Markets and Economy

The Crisis That Broke Through Gridlock

The federal government’s prompt fiscal and monetary stimulus measures this week are a promising response as COVID-19 continues to disrupt people’s daily lives as well as the economy.


Key points:

  • The House of Representatives has sent the coronavirus relief bill to the Senate for approval—a promising breakthrough amid Washington gridlock.
  • The novel coronavirus’s economic impact may be sharp but short-lived. After more than a month of strict quarantine measures, China’s hardest hit regions are returning to business.
  • Social distancing doesn’t necessarily mean economic hibernation. Two-thirds of US consumer spending is on autopilot and will likely not be disrupted as much by quarantine measures.
  • OPEC has inadvertently given the global economy a trillion-dollar stimulus by lowering fuel prices.

The novel coronavirus landscape is changing very rapidly, and the efforts to control the virus, including the quarantining of a number of industries, may cascade into a deeper economic challenge if not addressed quickly. That said, the federal government’s prompt fiscal and monetary stimulus measures offers some level of reassurance.

The federal government takes action: The White House, Congress and the Fed are increasing their response to COVID-19 to help minimize its economic impact.

  • The Federal Reserve cut interest rates to near zero, injected $1.5 trillion of liquidity into the repo market and announced a $700 billion quantitative easing program to bolster capital investment and ensure consumer credit remains available.
  • However, the impact from monetary stimulus may be limited. If consumer demand softens, it will likely be due to people missing work. Cutting interest rates and pushing down Treasury yields will not immediately make up for lost wages.
  • On Tuesday, the White House announced it was in talks with Congress about sending Americans checks to soften the coronavirus’s economic blow.

Displaced, deferred and disrupted demand: The coronavirus is changing consumers’ spending habits. Although some sectors will suffer, the majority of household spending remains on autopilot.

  • Approximately two-thirds of US household spending is effectively on autopilot, meaning the majority of consumers will not stop spending on necessities like food, shelter and insurance premiums.
  • Some consumption is moving between industries. For example, people who can’t go to  restaurants during quarantine will spend more on groceries; theater ticket sales may decline with closures, but online streaming services should see booming revenues.
  • That said, small businesses and their employees, who are often paid by the hour, will likely be hit hard.

China’s example of recovery: Activity should rebound quickly once the outbreak subsides. China began easing its extensive quarantine measures in Hubei province on February 24. Since then, electricity usage has reached 94 percent of its prior level—a sign that businesses and factories are back at work.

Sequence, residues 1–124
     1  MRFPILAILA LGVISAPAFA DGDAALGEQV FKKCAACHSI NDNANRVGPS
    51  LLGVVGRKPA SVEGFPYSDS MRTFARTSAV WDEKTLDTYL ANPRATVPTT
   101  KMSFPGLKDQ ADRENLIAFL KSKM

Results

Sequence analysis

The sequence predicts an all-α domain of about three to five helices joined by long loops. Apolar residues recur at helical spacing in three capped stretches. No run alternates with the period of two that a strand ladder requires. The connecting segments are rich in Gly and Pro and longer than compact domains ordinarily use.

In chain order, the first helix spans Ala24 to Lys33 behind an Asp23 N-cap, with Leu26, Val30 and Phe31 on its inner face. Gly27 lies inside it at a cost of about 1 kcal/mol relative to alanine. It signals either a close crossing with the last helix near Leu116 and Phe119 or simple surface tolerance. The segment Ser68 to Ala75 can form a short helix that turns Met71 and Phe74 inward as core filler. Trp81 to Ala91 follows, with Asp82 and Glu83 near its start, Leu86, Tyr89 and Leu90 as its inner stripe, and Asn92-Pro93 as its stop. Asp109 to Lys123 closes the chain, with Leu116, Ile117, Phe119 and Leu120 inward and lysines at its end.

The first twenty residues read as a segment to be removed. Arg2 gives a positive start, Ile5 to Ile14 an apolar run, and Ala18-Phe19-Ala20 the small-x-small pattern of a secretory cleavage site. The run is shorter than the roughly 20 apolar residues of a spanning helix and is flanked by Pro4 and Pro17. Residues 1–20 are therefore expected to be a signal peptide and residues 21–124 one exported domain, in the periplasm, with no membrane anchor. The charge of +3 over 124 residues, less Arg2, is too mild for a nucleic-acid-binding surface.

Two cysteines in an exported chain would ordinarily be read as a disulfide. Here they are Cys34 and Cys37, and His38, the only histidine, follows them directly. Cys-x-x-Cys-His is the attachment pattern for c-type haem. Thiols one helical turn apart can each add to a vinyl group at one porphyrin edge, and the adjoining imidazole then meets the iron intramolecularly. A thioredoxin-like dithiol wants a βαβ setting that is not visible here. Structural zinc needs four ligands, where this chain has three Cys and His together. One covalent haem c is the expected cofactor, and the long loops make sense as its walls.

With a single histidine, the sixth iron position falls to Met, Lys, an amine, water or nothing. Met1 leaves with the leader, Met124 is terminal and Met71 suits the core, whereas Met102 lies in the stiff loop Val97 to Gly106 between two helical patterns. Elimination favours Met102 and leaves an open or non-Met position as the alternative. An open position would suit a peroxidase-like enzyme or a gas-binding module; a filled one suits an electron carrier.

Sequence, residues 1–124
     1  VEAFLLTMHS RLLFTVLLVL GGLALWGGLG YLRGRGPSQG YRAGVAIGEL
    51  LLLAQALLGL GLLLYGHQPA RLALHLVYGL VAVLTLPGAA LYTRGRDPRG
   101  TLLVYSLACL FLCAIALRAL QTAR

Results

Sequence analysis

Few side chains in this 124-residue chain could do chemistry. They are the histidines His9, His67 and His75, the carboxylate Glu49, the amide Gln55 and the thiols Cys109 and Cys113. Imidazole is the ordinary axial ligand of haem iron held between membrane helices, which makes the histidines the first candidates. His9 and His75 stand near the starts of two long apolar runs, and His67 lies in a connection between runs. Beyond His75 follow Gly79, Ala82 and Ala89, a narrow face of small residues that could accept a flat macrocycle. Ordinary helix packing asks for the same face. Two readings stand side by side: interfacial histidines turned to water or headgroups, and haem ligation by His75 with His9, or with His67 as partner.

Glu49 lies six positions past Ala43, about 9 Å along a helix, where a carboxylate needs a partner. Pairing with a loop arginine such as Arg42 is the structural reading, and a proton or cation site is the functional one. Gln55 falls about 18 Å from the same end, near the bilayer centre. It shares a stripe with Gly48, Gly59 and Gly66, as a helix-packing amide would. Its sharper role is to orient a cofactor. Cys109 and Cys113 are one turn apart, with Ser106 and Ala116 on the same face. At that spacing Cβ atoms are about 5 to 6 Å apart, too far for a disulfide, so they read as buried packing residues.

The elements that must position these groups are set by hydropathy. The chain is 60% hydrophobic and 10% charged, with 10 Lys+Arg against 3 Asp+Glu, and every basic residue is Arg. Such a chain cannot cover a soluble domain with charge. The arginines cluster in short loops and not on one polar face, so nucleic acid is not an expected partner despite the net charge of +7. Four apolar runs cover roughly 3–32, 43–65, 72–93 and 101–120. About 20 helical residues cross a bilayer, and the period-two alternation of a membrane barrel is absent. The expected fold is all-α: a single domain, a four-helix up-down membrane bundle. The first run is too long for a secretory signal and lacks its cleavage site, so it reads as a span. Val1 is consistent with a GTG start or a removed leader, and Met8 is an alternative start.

• When the outbreak crests, most businesses should experience a v-shaped rebound as consumers release a wave of pent-up demand.
  • Equities indices have fallen about 20 percent through the outbreak, but earnings ratios remain well above recessionary levels.
  • Always, unemployment insurance claims will provide the most comprehensive, accurate and timely indicator of distress in the real economy.

OPEC’s trillion-dollar stimulus: A failure to agree on production limits sent oil prices tumbling below $40 per barrel last week, but energy’s losses are consumers’ gains.

  • In the US, falling gas prices are freeing up discretionary spending at a $100 billion annualized pace. The Energy Department is also taking advantage of low prices to fill about 77 million barrels in the Strategic Petroleum Reserve.
  • Despite America’s status as the world’s largest oil producer, the US is still a net energy importer. The benefit from cheap fuel will more than offset the impact from drilling cutbacks.
  • Western Europe, Japan, Korea and China are highly dependent on imported oil, so their consumers will benefit from falling energy costs.
  • Price relief at the pump is on pace to create $1 trillion of annualized stimulus for commuters worldwide.

Jim Glassman, Head Economist, Commercial Banking

Jim Glassman

Jim Glassman, Head Economist, Commercial Banking

Jim Glassman is the Managing Director and Head Economist for Commercial Banking. From regulations and technology to globalization and consumer habits, Jim's insights are used by companies and industries to help them better understand the changing economy and its impact on their businesses.

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